Compared to the bumbling efforts of Tabitha, who was far to shy for such a display, Uriah did quite well.  We would never know how Michael might have done.  Simon, however, surprised all of us with his rude effort.  “Heart thine strengthen shall he and courage good of be Lord the on wait—”

“Why, that sounds backward,” Samuel cackled aloud. “Is the boy drunk?”

“Gibberish,” grumbled Ezra. “What’s that man teaching these children?”

It wasn’t gibberish.  I knew for a fact that Simon had been sneaking wine, but this problem had been noted by Gamaliel before.  The teacher whispered something into my brother’s ear.  I would learn later that he told Simon to begin at the end of sentence instead of the beginning, reading the opposite way.  Simon nodded and began the psalm again, but haltingly, “Wait...on...the...Lord, be of good courage,...and he shall strengthen thine hearts...”

Papa’s jaw fell.  Mama, who had groaned with dismay, during his first effort, beamed at him with delight.  Jesus gave them a knowing smile, as the audience looked on in amazement.  Simon had stolen the moment, and I stood up to applaud him loudly when he returned to his seat.   

“Is it true?” Papa jumped up like a Persian stick puppet. “Does Simon see words backward?  Can you cure him rabbi?  He’s always been slow.  Thanks be to the Most High that you’ve found this out.  Simon must learn, like the others, to read—”

“Fear not.” Gamaliel reached out with a restraining hand. “I’ve seen this condition before.  A Greek I knew called it mirror vision.  Simon was learning to read, as he saw it with his mirror vision, backwards.  Now to train his mind, his will start at the end of a line or verse.  He is learning to write this way too.  Everything else, including his skill at adding, subtracting, and dividing sums, his logic and reason in class, and his ability to memorize historical facts, is quite above average.  If he is slow, Joseph, it’s a simple matter of youthful sloth.  Simon, like your other sons, could be anything he wants.  I have great confidence in him.” 

“And,” Malachi, the town potter, called out resentfully, “you’ll teach some of our sons too!”

“Yes, indeed.” Gamaliel gave him a curt nod. “If your town fails to find itself a rabbi, those of you honoring Joseph’s family and Samuel’s house can send their sons to me to learn Hebrew, history, and the law.”

This was a great revelation to us all.  Gamaliel’s response to Malachi sounded almost rehearsed.  Most of the boys and girls attending the feast with their parents were, considering the precedent he made for Tabitha and the twins, eligible for his school if a new rabbi wasn’t found.  Joachim had undoubtedly taught many boys the rudiments of Hebrew and history yet many of them, Malachi implied, like his own son, were still ignorant of the Torah.  It seemed only natural that the children, whose parents had been hostile to my parents in the past, hadn’t been invited to our feast, but I wondered if they might be included with Malachi’s son, Ezra’s daughters, and all the other children of my parents’ friends, if, in fact, a new rabbi were brought to our town.  I assumed that the good rabbi told my parents’ kinsmen and friends this fiction in the belief that Nazareth might once again have a rabbi, and yet expanding the enrollment of Gamaliel’s class hadn’t been Samuel’s intention at all, though Gamaliel had just implied that other children in Nazareth would be taught too if a rabbi didn’t arrive in our town.  Although they weren’t present in the hall, Caleb and Horib, who were fair-weather friends, had sons too.  The very thought that Jethro, Obadiah, and Boaz might wind up in our school made me fearful of the future.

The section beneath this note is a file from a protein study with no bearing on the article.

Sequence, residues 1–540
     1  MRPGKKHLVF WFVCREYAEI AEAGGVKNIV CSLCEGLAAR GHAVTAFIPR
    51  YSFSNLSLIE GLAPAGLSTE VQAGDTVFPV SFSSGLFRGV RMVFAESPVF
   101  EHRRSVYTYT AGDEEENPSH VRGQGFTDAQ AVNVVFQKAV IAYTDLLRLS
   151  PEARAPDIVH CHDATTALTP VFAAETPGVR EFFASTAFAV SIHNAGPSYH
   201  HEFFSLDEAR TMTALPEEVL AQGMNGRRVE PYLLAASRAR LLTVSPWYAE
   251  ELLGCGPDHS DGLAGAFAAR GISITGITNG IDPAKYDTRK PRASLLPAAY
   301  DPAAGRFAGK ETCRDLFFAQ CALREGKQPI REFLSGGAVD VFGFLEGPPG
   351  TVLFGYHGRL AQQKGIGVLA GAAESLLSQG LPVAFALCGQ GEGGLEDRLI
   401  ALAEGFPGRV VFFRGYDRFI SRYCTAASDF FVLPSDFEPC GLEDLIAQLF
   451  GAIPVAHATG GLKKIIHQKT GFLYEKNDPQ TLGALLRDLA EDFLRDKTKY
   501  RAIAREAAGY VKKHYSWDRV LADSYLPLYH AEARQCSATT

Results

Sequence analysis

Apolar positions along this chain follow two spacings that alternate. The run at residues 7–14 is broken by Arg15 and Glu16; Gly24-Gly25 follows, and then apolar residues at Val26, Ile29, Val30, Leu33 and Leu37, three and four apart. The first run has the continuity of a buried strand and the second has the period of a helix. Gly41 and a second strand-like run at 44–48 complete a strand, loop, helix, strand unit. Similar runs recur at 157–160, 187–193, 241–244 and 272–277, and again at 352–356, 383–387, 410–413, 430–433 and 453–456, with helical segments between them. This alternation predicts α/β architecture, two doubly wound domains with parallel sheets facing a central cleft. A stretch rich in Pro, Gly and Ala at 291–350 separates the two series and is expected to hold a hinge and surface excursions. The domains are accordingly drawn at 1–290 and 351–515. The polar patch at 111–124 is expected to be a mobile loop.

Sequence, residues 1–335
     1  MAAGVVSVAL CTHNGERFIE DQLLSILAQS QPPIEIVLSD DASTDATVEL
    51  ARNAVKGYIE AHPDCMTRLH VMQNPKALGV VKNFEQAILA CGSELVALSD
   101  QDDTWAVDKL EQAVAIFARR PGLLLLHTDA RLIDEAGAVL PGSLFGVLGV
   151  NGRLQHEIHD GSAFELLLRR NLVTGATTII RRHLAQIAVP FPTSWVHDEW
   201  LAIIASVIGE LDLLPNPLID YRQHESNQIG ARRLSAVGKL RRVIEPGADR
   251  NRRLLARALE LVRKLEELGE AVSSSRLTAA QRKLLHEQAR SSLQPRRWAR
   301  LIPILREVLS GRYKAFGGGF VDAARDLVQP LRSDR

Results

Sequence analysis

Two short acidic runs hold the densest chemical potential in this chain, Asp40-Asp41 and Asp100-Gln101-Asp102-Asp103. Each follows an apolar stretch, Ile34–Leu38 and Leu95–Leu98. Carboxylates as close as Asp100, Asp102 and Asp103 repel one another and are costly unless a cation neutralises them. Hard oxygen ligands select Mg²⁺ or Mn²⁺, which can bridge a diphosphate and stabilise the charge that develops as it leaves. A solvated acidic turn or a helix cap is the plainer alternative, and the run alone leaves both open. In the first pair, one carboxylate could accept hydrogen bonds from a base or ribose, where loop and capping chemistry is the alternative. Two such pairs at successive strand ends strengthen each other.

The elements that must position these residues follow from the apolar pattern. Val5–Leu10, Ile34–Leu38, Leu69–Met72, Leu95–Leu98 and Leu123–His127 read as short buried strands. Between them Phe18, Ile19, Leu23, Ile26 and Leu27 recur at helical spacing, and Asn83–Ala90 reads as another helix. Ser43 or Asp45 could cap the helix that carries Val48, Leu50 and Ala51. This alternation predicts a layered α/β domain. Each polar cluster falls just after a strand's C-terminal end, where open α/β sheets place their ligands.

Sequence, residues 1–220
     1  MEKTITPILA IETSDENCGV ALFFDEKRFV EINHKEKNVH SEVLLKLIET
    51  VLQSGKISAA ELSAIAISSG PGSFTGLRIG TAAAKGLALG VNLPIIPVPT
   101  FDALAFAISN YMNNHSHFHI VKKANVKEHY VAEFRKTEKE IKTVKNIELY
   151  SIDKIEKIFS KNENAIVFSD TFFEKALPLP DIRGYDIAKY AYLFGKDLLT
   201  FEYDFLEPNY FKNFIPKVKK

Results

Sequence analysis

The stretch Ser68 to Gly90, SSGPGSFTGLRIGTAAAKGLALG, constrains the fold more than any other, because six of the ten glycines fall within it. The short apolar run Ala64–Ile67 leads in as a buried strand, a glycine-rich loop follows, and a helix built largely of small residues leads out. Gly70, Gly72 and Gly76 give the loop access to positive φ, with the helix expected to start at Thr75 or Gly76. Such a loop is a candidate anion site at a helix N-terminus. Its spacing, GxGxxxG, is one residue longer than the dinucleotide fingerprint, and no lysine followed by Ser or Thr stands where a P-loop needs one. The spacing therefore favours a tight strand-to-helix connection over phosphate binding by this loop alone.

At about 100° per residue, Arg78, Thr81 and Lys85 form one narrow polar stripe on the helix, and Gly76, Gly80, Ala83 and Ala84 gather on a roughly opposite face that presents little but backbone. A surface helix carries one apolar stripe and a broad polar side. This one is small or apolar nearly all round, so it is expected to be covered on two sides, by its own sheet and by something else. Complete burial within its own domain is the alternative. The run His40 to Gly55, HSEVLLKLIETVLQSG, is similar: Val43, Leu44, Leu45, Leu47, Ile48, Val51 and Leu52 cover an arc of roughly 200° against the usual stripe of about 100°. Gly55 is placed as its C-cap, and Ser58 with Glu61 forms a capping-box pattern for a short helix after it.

Samuel had wanted to restrict Gamaliel’s class to just Joseph’s family.  Now Gamaliel had, in the words of the Psalmist, opened the floodgates.  Since it seemed unlikely that a new rabbi would come soon, the word would get around.  All of the rustic villagers would want to send their unwashed and uncouth sons and daughters to our school.  Was not Joachim still alive? James asked his brother under his breath. “What if those miserly elders wait to see if he recovers before paying the wage of a new teacher?  Would the townsmen not take Gamaliel up on his offer and demand that he enroll their children in his class?”

In spite of our misgivings, James, Simon, Uriah, and I were happy to be in Gamaliel’s class.  We didn’t want things to change.  Joseph, though embarrassed by his recital, was also afraid of the undesirables that might wind up in our school.  The remainder of Gamaliel’s students, however, proved to be a big disappointment in class.  Michael, who remained hidden somewhere in the big house, had proven that he cared nothing about learning.  Unlike the rest of us who had goals in life, he seemed content to have a fine meal and soft pallet to sleep in at night.  Tabitha, Abigail, and Martha, had dashed Mama’s hopes for their continuing education after Gamaliel confessed that the three girls could still barely read and showed little inclination to do so.  We thought that this would be the end of it and they would suffer the same ignorance and illiteracy as Mama and all the other women and girls in our town, but our teacher promised to give them another chance.  The same offer was made for Michael, who was even lazier than Tabitha and the twins.